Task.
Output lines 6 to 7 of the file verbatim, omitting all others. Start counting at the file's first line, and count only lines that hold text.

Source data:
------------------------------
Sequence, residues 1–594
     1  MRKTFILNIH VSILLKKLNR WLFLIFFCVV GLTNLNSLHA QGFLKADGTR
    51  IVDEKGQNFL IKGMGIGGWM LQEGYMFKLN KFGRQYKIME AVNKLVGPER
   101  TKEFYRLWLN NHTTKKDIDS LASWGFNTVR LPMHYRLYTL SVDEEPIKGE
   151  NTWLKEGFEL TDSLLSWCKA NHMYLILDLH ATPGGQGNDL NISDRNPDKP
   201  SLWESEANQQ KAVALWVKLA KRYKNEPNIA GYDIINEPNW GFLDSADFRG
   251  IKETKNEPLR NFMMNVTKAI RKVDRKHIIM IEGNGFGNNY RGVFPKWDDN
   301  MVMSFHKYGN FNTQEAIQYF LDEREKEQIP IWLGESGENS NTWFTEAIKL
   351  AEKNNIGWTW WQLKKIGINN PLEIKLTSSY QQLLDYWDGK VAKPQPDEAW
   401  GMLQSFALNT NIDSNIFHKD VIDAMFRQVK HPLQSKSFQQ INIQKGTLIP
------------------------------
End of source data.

   201  SLWESEANQQ KAVALWVKLA KRYKNEPNIA GYDIINEPNW GFLDSADFRG
   251  IKETKNEPLR NFMMNVTKAI RKVDRKHIIM IEGNGFGNNY RGVFPKWDDN